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According to a new study published in Nature Geoscience Monday, we should expect to see Antarctic ice shelves melting at double the rate they are now within 35 years. That's bad news.

Researchers from Clark University and the Woods Hole Oceanographic Institution calculated the likely scenario using satellite information and climate models. Those calculations hold if our greenhouse gas emissions rate continues at high or intermediate levels. After that, it's up to us whether we'll see the ice shelf collapse. The authors write in the study's abstract:

Under the high emissions pathway by 2100, melt on several ice shelves approaches or surpasses intensities that have historically been associated with ice shelf collapse, at least on the northeast Antarctic Peninsula.

In a statement discussing the study, Clark explained the importance of the Antarctic ice shelves:

While the melting or breakup of floating ice shelves does not directly raise sea level, ice shelves do have a “door stop” effect: They slow the flow of ice from glaciers and ice sheets into the ocean, where it melts and raises sea levels.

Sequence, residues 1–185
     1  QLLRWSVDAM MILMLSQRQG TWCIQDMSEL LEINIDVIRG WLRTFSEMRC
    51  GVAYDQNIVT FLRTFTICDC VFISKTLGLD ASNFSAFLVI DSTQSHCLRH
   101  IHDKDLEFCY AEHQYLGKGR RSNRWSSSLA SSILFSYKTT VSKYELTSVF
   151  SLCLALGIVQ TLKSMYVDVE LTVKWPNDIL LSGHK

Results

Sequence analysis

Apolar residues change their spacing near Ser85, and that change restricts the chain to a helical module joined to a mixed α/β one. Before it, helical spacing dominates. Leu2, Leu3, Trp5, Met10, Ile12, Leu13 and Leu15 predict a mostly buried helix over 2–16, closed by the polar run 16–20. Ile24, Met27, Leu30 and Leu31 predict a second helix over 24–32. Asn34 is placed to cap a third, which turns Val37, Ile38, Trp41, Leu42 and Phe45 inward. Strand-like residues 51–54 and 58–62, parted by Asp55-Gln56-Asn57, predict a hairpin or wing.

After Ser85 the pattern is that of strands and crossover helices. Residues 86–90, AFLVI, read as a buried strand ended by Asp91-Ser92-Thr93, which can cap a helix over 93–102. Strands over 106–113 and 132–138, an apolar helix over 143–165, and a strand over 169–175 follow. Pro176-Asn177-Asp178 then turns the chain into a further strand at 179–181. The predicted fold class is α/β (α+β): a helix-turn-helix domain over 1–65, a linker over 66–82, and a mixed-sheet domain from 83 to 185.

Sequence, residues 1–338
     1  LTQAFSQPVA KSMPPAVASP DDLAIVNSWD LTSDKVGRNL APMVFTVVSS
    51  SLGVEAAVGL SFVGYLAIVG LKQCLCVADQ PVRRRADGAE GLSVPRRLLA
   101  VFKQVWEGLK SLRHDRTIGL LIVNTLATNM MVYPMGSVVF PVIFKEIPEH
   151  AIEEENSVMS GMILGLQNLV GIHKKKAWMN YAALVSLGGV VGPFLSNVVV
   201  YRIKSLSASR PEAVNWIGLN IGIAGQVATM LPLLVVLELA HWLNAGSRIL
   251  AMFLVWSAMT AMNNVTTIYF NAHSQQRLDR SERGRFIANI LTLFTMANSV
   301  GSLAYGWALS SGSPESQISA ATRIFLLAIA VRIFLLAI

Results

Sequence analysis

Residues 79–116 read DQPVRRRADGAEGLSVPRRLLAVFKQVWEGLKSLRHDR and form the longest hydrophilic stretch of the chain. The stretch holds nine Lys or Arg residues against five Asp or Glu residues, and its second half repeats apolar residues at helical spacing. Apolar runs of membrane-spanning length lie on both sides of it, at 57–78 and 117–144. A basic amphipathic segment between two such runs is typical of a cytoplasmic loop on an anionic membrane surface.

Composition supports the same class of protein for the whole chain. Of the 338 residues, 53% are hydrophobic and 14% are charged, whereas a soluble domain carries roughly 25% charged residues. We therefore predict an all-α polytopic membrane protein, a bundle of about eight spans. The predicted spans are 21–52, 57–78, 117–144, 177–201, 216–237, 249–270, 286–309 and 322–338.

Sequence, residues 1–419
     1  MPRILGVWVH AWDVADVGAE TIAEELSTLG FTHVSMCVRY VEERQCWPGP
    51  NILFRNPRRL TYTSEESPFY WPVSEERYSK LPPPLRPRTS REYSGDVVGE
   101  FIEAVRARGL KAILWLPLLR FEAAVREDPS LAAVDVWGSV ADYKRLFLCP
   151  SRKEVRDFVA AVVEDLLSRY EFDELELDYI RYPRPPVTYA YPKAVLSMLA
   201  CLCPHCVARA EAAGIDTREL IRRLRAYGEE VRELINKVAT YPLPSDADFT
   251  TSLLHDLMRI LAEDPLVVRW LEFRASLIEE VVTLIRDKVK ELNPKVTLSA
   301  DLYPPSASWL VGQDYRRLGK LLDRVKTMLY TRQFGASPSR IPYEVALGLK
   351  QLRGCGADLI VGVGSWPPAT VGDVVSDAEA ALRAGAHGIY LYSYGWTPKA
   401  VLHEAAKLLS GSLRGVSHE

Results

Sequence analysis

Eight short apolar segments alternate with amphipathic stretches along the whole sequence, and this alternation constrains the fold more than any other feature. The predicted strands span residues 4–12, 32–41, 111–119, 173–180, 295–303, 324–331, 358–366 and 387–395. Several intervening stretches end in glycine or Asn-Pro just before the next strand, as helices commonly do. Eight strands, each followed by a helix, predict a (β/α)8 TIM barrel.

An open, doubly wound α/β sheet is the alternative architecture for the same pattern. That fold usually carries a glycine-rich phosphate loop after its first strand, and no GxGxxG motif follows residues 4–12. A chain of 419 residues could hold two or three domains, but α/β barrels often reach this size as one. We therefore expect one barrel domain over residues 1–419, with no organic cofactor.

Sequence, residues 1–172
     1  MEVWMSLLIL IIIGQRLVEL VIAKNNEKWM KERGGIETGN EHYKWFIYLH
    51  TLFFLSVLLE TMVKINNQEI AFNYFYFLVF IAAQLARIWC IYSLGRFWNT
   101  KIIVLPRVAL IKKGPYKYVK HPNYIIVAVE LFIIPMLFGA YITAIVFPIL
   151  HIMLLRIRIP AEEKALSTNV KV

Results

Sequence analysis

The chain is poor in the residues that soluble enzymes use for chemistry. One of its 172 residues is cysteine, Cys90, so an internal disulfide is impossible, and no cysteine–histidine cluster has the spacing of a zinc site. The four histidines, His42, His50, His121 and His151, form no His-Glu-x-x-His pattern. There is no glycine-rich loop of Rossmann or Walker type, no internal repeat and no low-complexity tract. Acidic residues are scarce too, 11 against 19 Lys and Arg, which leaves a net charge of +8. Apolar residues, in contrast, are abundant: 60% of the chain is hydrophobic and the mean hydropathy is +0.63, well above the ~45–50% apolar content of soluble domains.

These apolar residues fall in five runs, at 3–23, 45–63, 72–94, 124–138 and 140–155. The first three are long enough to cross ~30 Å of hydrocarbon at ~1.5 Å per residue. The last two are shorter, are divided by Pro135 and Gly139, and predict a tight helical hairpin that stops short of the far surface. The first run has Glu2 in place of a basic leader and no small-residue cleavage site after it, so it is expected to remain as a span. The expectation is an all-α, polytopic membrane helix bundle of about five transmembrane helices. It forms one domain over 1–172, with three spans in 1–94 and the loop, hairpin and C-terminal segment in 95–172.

And the National Snow and Ice Data Center (NSIDC) offer that ice sheets also affect the weather, explaining, "large high-altitude plateaus on the ice caps alter storm tracks and create cold downslope winds close to the ice surface."

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We've already seen the effects of rising sea levels in the form of super storms like Hurricane Sandy, explains Climate Central.

The paper's lead author, Luke Trusel, commented that the "results illustrate just how rapidly melting in Antarctica can intensify in a warming climate."

Co-author Karen Frey continued, "The data presented in this study clearly show that climate policy, and therefore the trajectory of greenhouse gas emissions over the coming century, have an enormous control over the future fate of surface melting of Antarctic ice shelves." She added, "which we must consider when assessing their long-term stability and potential indirect contributions to sea level rise."

Danielle Wiener-Bronner is a news reporter.